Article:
Even if Intel’s HyperThreading technology enables Itanium to handle eight simultaneous threads IBM will get the upper hand when it comes multithreading performance since Power7 can actually handle up to 32 virtual threads. Each CPU core can handle up to four simultaneous threads.
Despite the advanced design, IBM Power7 is built from ”only” 1.2 billion transistors using 45nm technology. The architecture holds 32MB L3 cache and dual-channel DDR3 memory controller. The 32MB L3 cache is built from somewhat slower eDRAM, but on the other hand it is located on-die, unlike previous L3 solutions of the Power family.
With all eight cores active the top models of the Power7 family operates at 3.8GHz, but they can be be pushed to 4.1GHz during single-threaded use for better performance.
IBM will release several Power7 platforms with varying performance to cover the many segments of the server market;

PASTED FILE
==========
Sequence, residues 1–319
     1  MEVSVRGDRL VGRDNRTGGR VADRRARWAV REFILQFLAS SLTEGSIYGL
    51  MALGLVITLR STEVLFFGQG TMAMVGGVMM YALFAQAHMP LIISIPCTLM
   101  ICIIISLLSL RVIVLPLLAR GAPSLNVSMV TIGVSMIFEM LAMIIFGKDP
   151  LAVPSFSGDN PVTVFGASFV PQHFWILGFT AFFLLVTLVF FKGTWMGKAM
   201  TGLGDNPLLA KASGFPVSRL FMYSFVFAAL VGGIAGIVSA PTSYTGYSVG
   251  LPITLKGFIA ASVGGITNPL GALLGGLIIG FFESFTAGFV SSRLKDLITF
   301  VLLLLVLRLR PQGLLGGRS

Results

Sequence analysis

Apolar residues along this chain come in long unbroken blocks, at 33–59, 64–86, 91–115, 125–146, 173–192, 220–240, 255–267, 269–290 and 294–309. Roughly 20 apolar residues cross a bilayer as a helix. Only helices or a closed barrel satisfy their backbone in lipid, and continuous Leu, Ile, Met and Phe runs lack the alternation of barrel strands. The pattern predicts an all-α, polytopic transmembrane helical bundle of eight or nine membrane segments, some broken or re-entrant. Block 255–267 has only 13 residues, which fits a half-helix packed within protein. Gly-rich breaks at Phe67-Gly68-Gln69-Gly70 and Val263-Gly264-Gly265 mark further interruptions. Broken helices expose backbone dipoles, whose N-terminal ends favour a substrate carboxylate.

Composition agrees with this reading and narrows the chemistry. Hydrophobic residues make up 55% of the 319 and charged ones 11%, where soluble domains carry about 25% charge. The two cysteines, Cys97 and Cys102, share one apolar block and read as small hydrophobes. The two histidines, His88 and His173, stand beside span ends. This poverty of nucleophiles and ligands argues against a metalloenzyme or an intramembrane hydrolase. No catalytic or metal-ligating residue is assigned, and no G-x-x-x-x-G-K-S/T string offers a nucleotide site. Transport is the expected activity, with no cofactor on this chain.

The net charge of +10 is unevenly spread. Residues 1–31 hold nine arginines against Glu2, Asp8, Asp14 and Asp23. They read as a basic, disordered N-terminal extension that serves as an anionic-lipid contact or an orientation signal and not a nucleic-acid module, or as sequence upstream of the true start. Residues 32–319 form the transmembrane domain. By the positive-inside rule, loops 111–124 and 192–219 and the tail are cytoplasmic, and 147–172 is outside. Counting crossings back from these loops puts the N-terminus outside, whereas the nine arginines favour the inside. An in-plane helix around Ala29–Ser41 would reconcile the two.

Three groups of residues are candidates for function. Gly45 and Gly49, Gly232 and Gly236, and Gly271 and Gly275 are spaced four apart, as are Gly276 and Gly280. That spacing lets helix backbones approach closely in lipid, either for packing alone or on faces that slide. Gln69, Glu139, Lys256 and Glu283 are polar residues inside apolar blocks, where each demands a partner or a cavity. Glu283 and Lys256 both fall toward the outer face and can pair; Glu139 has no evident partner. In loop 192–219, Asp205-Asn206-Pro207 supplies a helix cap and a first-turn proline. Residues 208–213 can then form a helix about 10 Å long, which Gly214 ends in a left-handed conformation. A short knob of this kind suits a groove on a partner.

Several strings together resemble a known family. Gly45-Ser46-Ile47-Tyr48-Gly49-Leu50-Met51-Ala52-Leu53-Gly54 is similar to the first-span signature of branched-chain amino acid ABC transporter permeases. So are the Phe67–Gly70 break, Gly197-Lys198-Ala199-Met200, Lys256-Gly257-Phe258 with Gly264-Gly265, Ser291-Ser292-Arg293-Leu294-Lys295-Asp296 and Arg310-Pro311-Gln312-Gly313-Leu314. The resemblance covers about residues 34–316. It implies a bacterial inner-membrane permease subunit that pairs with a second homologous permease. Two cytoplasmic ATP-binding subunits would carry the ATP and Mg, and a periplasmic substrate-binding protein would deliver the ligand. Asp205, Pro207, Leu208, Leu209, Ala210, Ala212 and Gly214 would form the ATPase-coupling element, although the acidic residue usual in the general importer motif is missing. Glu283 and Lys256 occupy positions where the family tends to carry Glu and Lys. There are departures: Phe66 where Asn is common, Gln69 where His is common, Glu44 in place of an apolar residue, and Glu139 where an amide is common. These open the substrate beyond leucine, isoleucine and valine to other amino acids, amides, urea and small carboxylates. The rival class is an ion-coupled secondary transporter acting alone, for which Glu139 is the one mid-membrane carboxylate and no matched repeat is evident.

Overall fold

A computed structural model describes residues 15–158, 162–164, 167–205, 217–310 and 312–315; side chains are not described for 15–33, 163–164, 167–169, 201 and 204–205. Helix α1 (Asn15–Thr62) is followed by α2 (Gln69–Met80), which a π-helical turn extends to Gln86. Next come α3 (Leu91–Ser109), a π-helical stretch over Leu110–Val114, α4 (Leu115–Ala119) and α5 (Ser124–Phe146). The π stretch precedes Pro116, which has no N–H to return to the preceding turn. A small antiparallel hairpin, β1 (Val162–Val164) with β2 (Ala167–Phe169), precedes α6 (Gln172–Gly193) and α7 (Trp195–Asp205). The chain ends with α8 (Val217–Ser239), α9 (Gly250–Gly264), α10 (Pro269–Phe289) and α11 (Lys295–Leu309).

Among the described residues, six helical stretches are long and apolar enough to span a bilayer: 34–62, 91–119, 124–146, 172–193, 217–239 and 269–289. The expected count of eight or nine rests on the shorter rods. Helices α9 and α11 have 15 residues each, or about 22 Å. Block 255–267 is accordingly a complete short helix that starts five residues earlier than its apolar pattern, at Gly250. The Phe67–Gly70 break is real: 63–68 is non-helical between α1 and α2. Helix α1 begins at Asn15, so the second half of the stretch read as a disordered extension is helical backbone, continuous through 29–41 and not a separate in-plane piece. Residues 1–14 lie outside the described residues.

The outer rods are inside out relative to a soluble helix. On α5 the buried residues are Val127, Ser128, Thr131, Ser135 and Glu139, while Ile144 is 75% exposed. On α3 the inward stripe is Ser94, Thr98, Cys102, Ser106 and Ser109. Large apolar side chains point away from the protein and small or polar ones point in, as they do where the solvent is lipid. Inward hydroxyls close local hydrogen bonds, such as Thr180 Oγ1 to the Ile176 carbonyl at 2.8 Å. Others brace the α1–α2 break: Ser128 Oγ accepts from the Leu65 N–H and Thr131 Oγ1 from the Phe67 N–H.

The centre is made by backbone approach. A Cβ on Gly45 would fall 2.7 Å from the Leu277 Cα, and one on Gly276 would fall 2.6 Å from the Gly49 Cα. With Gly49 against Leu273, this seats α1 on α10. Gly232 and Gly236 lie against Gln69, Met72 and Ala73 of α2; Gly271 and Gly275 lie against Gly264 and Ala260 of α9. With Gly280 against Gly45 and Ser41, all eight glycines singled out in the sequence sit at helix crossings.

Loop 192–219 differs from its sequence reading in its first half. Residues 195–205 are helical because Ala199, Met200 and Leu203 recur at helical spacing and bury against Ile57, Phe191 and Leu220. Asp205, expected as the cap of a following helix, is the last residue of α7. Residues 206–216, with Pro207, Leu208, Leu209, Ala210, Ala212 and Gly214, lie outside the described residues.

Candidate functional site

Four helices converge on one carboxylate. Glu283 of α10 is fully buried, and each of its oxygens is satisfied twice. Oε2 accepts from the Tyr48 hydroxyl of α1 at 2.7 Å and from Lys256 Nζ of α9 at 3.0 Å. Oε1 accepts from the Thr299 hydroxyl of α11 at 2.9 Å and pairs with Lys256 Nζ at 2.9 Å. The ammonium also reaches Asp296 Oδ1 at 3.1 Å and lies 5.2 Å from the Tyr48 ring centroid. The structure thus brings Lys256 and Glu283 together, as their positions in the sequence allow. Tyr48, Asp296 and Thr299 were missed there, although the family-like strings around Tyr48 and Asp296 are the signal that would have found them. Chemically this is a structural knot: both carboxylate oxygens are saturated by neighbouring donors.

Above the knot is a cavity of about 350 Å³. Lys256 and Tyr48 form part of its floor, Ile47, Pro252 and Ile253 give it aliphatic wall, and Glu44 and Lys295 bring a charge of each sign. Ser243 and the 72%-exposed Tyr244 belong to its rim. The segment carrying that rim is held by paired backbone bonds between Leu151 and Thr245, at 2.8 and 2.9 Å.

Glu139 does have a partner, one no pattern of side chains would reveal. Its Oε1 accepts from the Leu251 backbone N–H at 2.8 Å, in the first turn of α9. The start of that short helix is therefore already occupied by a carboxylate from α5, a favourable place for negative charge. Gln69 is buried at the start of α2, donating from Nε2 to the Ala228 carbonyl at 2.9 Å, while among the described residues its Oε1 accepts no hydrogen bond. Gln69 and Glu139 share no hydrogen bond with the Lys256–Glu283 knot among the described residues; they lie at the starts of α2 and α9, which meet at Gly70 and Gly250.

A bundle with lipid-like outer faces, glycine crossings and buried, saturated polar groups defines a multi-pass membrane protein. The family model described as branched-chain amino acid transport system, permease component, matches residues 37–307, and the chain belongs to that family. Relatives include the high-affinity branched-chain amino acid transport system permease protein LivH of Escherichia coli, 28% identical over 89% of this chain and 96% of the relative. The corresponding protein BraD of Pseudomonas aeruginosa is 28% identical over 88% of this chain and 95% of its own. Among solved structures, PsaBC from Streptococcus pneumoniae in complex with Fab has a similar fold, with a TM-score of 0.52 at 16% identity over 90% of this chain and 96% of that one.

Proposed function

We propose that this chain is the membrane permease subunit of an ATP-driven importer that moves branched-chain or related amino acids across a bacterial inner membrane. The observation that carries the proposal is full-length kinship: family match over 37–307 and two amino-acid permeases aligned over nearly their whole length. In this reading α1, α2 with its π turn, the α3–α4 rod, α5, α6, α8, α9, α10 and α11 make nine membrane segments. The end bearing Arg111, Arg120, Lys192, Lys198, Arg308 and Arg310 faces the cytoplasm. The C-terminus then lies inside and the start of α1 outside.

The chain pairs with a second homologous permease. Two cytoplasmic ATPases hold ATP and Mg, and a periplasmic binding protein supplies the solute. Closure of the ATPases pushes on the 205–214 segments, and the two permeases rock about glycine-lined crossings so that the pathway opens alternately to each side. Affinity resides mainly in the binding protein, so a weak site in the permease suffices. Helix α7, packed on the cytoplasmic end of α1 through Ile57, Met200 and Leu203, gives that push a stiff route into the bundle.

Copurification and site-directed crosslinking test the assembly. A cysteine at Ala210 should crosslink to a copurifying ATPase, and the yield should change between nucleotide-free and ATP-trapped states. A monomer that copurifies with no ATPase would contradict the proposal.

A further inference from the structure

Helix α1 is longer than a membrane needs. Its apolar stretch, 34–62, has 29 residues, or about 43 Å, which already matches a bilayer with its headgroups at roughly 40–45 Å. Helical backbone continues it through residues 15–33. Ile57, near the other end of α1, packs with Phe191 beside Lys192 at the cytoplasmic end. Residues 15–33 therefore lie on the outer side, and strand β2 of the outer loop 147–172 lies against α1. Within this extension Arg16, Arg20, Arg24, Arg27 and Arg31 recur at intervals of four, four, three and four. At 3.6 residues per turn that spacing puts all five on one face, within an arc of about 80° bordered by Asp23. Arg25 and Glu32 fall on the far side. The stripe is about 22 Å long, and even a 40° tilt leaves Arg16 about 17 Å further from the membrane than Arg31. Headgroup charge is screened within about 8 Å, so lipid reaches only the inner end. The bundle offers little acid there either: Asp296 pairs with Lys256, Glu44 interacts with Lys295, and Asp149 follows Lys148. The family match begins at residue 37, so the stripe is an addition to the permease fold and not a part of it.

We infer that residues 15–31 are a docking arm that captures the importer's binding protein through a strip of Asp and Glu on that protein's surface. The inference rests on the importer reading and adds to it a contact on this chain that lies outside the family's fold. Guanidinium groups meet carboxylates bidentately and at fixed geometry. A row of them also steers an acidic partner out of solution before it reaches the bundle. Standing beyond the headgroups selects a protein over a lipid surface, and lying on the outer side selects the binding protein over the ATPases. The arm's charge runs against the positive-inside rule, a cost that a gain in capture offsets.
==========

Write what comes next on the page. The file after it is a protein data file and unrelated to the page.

IBM Power 780:
A new category of scalable high-end servers, featuring an advanced modular design with up to 64 POWER7 cores and the new TurboCore™ workload optimizing mode that maximizes per core performance.
IBM Power 770:
Extending the industry’s most successful modular enterprise server with up to 64 POWER7 cores, higher performance per core, using up to 70 percent less energy for the same number of cores as the IBM Power 570 and optimized for a wide variety of commercial workloads.
IBM Power 755:
A high performance computing cluster node with 32 POWER7 cores, ENERGY STAR-qualified for exceptional energy efficiency, and optimized for the most challenging analytic workloads.
IBM Power 750 Express:
An ENERGY STAR-qualified midrange business server utilizing POWER7 processors, offering more than five times the performance and six times the performance per watt of comparable 4-socket Sun SPARC64 VII and HP Itanium® servers and delivering more than twice the performance and three times the performance per watt of comparable Sun UltraSPARC T2+ servers.